Staying Sane in Lockdown

I’m Claudia, an Escape Alumna from back in 2013. Like all of you, I’m stuck indoors. 

claudiaI found this situation overwhelming at the start. My chronic anxiety was taking over. Two weeks ago I found the strength to sit down and write up a Staying Sane Indoors Strategy and it made a huge difference to my mood. 

I went from spending the whole day obsessively checking the news, to being productive at work and pivoting Nobody’s Watching, my silent disco side-business, to online dance parties.

nobody's watching

I still have ups and downs, which is normal in these unsettling times. But overall the difference has been night and day.

I turned the questions I asked myself into this worksheet so you can build your own Staying Sane Indoors Strategy. It’s based on these 5 key points.

1) Take care of your mental and physical health

If this is the only tip you take up from this list, you’re doing great. This crisis impacts all of us, but it does so in different ways. For some, this is the perfect opportunity to roll up their sleeves and get stuck into a creative project. Others will find that just taking care of themselves is the most they can do. If that is you, that’s ok, just keep doing it. 

Here are some useful resources to take care of your mental health:

Key takeaway: all of these resources highlight the importance of setting boundaries on how often and at what time you check the news to avoid getting sucked into the anxiety of the news cycle. 

For your physical health, it’s essential to stay active, even from indoors. Get an accountability buddy to help you stay on track if you don’t trust yourself to do this. Check out the quirky exercise class tips in the worksheet to add some jazz to your indoor workout routine.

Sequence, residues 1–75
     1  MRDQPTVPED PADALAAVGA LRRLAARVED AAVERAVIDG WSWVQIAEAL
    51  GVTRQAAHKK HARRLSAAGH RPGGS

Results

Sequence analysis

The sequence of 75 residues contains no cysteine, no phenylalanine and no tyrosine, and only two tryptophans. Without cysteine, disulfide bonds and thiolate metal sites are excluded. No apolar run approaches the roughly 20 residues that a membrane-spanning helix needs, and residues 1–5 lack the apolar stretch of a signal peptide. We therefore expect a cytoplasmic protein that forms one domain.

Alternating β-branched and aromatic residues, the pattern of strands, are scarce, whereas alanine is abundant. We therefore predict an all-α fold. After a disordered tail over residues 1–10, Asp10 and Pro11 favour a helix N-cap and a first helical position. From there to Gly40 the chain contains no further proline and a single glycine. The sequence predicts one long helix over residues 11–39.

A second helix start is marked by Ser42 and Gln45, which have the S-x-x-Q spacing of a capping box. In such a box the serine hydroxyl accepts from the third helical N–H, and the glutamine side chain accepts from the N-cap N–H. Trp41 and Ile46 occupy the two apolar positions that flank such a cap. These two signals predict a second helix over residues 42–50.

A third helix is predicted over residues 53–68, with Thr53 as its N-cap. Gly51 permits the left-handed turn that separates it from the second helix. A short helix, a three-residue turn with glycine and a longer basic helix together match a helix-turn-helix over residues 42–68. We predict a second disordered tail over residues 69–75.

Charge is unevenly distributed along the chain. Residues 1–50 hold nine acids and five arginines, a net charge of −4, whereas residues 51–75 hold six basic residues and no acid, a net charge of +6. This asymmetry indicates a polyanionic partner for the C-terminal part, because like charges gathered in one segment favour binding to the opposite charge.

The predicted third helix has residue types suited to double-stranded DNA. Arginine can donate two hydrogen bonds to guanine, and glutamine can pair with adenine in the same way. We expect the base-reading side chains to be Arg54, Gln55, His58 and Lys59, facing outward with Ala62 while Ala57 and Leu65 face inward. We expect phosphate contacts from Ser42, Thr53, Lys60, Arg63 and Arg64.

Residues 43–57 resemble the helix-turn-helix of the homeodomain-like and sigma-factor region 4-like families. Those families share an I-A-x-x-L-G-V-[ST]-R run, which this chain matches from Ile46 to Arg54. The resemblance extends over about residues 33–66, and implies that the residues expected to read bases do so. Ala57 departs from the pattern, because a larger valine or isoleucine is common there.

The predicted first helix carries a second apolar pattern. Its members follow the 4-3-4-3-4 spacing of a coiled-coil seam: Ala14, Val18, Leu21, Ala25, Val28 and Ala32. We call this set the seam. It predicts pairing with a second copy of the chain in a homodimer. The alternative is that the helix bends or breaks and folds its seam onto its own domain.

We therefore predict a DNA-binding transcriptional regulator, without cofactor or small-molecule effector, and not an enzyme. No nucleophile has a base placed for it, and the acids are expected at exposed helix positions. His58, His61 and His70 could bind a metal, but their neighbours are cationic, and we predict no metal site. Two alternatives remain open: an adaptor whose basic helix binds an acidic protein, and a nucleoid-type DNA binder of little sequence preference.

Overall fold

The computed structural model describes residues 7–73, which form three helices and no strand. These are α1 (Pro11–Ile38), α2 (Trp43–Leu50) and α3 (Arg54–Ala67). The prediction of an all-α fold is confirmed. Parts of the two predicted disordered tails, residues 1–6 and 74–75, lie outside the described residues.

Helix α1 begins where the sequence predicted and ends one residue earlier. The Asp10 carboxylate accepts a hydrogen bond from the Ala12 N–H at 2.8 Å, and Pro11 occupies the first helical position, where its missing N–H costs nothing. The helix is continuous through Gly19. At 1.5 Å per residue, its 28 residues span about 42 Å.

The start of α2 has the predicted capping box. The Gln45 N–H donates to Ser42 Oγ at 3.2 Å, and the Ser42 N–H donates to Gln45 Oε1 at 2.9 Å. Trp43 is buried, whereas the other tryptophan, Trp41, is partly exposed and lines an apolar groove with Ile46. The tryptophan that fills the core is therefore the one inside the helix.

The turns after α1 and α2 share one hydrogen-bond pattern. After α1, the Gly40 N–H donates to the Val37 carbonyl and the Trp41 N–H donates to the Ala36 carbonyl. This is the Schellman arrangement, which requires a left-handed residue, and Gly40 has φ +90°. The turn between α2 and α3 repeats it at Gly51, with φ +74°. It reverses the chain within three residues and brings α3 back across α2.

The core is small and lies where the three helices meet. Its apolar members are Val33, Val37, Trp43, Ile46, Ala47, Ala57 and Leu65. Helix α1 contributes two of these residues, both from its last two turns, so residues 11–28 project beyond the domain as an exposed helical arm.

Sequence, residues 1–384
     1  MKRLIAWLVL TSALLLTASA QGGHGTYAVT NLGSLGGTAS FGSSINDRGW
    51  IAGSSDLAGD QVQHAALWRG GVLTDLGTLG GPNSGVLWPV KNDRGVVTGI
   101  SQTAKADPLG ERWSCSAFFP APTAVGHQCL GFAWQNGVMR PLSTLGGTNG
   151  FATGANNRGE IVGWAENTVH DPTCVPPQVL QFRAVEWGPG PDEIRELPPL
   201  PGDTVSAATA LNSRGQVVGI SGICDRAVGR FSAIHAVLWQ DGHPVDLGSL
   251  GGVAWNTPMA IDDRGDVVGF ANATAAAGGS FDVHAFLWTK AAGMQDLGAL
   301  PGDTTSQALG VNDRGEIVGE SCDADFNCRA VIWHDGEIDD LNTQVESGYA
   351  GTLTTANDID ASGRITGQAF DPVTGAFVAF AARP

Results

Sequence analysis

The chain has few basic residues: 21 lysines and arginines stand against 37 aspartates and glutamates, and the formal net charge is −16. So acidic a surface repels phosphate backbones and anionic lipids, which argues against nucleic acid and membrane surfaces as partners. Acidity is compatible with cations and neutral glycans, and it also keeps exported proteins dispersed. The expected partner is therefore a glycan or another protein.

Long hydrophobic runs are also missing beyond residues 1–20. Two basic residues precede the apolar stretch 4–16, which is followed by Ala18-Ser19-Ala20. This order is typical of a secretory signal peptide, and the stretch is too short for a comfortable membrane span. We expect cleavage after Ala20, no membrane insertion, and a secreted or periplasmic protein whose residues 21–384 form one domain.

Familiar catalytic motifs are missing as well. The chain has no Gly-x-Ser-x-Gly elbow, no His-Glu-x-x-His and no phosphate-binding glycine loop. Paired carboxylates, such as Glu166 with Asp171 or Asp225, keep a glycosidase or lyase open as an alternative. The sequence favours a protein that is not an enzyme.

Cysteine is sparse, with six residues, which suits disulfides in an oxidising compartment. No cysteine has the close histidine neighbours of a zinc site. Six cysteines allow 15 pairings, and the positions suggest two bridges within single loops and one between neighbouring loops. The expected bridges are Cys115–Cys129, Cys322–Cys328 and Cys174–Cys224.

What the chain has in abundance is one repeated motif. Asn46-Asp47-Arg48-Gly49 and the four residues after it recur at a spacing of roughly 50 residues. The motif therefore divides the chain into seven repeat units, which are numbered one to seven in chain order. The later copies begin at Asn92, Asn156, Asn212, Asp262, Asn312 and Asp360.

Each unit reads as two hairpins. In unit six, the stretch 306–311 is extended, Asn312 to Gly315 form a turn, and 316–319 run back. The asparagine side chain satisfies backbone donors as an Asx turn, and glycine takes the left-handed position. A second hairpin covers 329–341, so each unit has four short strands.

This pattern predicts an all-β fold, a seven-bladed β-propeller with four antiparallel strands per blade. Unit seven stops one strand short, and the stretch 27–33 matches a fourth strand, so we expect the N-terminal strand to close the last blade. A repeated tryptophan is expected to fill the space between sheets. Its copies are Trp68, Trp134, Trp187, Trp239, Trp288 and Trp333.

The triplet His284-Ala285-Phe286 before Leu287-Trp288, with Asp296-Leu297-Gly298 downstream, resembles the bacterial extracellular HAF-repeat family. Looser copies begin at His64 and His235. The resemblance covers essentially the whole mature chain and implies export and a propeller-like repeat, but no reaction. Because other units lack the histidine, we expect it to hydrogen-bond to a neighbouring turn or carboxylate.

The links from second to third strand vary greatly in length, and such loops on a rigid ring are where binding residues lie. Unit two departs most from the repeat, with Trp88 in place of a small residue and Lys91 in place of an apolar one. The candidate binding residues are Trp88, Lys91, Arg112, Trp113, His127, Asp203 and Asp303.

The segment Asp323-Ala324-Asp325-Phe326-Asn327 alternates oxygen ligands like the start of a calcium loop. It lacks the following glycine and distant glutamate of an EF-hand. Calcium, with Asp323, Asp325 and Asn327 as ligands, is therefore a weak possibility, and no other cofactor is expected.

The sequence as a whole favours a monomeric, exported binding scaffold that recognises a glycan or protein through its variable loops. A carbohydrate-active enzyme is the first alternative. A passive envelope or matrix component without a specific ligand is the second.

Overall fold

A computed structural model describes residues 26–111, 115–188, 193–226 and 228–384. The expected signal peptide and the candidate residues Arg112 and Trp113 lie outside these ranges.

nobody's watching

2) Find your people

In these times of uncertainty, staying in touch with people and supporting each other will make all the difference. We have the luxury of technology and apps like and Whatsapp that can help us stay connected virtually. 

I’ve received many messages from people I haven’t seen in a long time, wanting to check in and have done this myself as well. It’s nice to reconnect with people, giving everyone the same amount of “staying in touch” time will drain you. My recommendation is to focus your people-energy to avoid getting sucked into a whirlwind of screentime. 

Who are the people you care about the most? Who are the people whose company you enjoy the most? And who are the people who need your support the most? Actively seek out time to focus on them. Think about activities you could share with them that go beyond a video call or cohabiting as usual. Make it special. Here are some examples of creating special time with loved ones:

  • My mum lives in Rome and she loves opera. The Royal Opera House has opened a digital streaming programme so we’re having a virtual opera date on April 10th to see one of her favourites, Così fan tutte. We’re going to dress up, have a glass of wine on zoom, and then watch it from our own homes. When it’s over we’ll have another zoom call to discuss the opera.
  • My friend Francis visited a virtual museum with his friends. They all looked at it separately from their own laptops and they talked about what they saw on a video call.
  • My friends from the Yes Tribe did an indoor campout last weekend. People set up a tent in their balconies, gardens, living rooms. They spoke via zoom and it was fun.
  • If you want to organise a virtual games night, I recommend Drawful and Fibbage from Jackbox Games. Perfect for 5 – 8 people.

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3) Take action to prevent the “day blur”